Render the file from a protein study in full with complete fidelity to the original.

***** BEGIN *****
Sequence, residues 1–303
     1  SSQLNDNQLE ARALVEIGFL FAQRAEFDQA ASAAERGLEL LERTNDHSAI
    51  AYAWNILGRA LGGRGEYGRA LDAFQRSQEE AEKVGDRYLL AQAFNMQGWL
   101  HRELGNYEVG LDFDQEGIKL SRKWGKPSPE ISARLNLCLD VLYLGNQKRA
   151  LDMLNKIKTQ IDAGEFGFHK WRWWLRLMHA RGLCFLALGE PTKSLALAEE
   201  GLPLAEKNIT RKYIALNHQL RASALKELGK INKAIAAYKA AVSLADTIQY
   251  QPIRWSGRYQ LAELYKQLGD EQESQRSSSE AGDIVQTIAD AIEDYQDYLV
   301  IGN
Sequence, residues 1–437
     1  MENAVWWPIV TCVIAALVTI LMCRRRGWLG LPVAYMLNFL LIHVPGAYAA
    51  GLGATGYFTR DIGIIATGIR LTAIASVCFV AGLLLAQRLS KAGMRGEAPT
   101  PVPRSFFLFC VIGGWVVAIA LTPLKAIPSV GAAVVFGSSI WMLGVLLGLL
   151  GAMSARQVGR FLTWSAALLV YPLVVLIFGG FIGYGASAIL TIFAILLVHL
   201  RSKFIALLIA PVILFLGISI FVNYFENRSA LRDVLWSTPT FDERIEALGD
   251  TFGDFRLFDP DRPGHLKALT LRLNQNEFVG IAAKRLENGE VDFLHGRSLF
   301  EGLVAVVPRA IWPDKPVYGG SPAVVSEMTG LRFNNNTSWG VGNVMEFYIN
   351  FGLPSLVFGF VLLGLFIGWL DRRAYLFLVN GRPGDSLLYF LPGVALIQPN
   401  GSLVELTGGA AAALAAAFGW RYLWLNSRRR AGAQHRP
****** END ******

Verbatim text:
Sequence, residues 1–303
     1  SSQLNDNQLE ARALVEIGFL FAQRAEFDQA ASAAERGLEL LERTNDHSAI
    51  AYAWNILGRA LGGRGEYGRA LDAFQRSQEE AEKVGDRYLL AQAFNMQGWL
   101  HRELGNYEVG LDFDQEGIKL SRKWGKPSPE ISARLNLCLD VLYLGNQKRA
   151  LDMLNKIKTQ IDAGEFGFHK WRWWLRLMHA RGLCFLALGE PTKSLALAEE
   201  GLPLAEKNIT RKYIALNHQL RASALKELGK INKAIAAYKA AVSLADTIQY
   251  QPIRWSGRYQ LAELYKQLGD EQESQRSSSE AGDIVQTIAD AIEDYQDYLV
   301  IGN
Sequence, residues 1–437
     1  MENAVWWPIV TCVIAALVTI LMCRRRGWLG LPVAYMLNFL LIHVPGAYAA
    51  GLGATGYFTR DIGIIATGIR LTAIASVCFV AGLLLAQRLS KAGMRGEAPT
   101  PVPRSFFLFC VIGGWVVAIA LTPLKAIPSV GAAVVFGSSI WMLGVLLGLL
   151  GAMSARQVGR FLTWSAALLV YPLVVLIFGG FIGYGASAIL TIFAILLVHL
   201  RSKFIALLIA PVILFLGISI FVNYFENRSA LRDVLWSTPT FDERIEALGD
   251  TFGDFRLFDP DRPGHLKALT LRLNQNEFVG IAAKRLENGE VDFLHGRSLF
   301  EGLVAVVPRA IWPDKPVYGG SPAVVSEMTG LRFNNNTSWG VGNVMEFYIN
   351  FGLPSLVFGF VLLGLFIGWL DRRAYLFLVN GRPGDSLLYF LPGVALIQPN
   401  GSLVELTGGA AAALAAAFGW RYLWLNSRRR AGAQHRP